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Pittosporum tobira 'Variegata' Variegated Pittosporum

Edward F. Gilman


Glossy, creamy white and green variegated leaves, easy care, and an open, round canopy make pittosporum a popular landscape shrub (Figure 1). However, rapid growth when young makes this a fairly high maintenance shrub, requiring frequent pruning. Growth does slow with age as the plant reaches about 10 feet tall. Clusters of creamy white flowers with a fragrance similar to orange blossoms appear in spring, but they are rarely seen on shrubs because they are frequently pruned off with the regular trimming required to keep the plant in check. Flowers also get lost in the green and white foliage. It is really better suited as a small tree with lower branches removed to reveal the multi-stemmed trunk, and branches should be left unpruned to allow the flowers to show in the spring. Prune after the flower display. Careful training and pruning can create an ornamental small tree form.

Figure 1. Variegated pittosporum
Figure 1.  Variegated pittosporum


General Information

Scientific name: Pittosporum tobira 'Variegata'
Pronunciation: pit-tuss-SPOR-rum toe-BYE-ruh
Common name(s): variegated pittosporum
Family: Pittosporaceae
Plant type: shrub
USDA hardiness zones: 8 through 11 (Figure 2)
Planting month for zone 8: year round
Planting month for zone 9: year round
Planting month for zone 10 and 11: year round
Origin: not native to North America
Uses: screen; hedge; border; mass planting; container or aboveground planter; trained as a standard
Availability: generally available in many areas within its hardiness range
Figure 2. Shaded area represents potential planting range.
Figure 2.  Shaded area represents potential planting range.



Height: 8 to 12 feet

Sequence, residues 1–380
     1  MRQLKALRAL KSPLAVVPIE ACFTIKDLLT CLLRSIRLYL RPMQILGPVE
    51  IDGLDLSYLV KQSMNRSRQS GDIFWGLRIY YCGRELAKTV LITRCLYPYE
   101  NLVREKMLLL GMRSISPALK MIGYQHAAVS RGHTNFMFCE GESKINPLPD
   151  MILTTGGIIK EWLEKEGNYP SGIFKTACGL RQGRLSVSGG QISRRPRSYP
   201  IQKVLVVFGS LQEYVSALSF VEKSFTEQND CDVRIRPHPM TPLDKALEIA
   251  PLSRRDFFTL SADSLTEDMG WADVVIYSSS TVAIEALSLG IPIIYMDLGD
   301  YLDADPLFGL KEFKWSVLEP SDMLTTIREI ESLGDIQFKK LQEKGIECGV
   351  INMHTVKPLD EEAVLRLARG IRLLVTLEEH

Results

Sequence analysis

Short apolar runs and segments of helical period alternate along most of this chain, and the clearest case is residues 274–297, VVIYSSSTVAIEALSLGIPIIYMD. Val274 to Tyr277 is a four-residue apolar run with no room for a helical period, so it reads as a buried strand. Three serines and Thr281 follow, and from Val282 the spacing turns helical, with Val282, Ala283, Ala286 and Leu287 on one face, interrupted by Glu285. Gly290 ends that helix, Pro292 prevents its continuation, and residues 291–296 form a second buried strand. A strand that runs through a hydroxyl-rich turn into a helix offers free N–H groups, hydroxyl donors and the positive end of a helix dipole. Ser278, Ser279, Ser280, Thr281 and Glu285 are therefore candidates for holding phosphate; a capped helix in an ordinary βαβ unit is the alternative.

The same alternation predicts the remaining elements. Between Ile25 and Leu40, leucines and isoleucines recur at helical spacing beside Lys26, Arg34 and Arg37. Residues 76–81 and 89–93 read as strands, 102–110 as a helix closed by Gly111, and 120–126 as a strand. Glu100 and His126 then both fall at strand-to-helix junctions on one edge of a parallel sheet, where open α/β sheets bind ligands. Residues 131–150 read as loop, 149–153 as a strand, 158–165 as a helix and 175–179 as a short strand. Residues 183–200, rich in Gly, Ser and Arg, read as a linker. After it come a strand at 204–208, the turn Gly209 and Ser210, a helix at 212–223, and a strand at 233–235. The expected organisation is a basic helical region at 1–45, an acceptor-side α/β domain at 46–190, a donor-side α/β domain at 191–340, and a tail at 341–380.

Spread: 12 to 18 feet
Plant habit: vase shape
Plant density: dense
Growth rate: moderate
Texture: medium


Leaf arrangement: alternate
Leaf type: simple
Leaf margin: entire
Leaf shape: obovate
Leaf venation: pinnate
Leaf type and persistence: evergreen
Leaf blade length: 2 to 4 inches
Leaf color: variegated
Fall color: no fall color change
Fall characteristic: not showy


Flower color: white
Flower characteristic: spring flowering; pleasant fragrance


Fruit shape: irregular
Fruit length: less than .5 inch
Fruit cover: dry or hard
Fruit color: red
Fruit characteristic: inconspicuous and not showy

Trunk and Branches

Trunk/bark/branches: not particularly showy; typically multi-trunked or clumping stems
Current year stem/twig color: gray/silver
Current year stem/twig thickness: medium


Light requirement: plant grows in part shade/part sun
Soil tolerances: alkaline; sand; acidic; loam
Drought tolerance: high
Soil salt tolerances: moderate
Plant spacing: 36 to 60 inches


Roots: usually not a problem
Winter interest: no special winter interest
Outstanding plant: not particularly outstanding
Invasive potential: not known to be invasive
Pest resistance: very sensitive to one or more pests or diseases which can affect plant health or aesthetics

Use and Management

Excellent when used as a specimen or informal shrubbery border, pittosporum can be maintained at any desired height by selective hand pruning. The stiff branches with dense foliage can be sheared if this is begun when they are young. Plant on 4- to 5-foot centers for mass planting.

Pittosporum is highly salt-tolerant, growing right up onto the sand dunes along the ocean, and it grows well on a variety of soils in full sun to partial shade. Growth rate is rapid on well-drained, acid soil of average fertility, although pittosporum can tolerate occasional drought. It does not tolerate poorly drained or wet soil since root rot quickly infects and kills the root system. This often occurs along foundations where drainage is poor or rain water accumulates from the roof or gutters. Unfortunately, many pittosporum plants meet their demise in this manner.

Pests and Diseases

Problems include cottony cushion scale and aphids. Micronutrient deficiencies become obvious on soils with a high pH. Leaf spot and root rot diseases can be problems for pittosporum. To prevent root rot diseases, avoid planting in areas where water accumulates.

Publication #FPS484

Date: 9/10/2015

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Part of Shrubs Fact Sheets

  • Critical Issue: Agricultural and Food Systems
Organism ID

About this Publication

This document is FPS484, one of a series of the Environmental Horticulture Department, UF/IFAS Extension. Original publication date September 1999. Visit the EDIS website at for the currently supported version of this publication.

About the Authors

Edward F. Gilman, professor, Environmental Horticulture Department, UF/IFAS Extension, Gainesville, FL 32611.


  • Gail Hansen de Chapman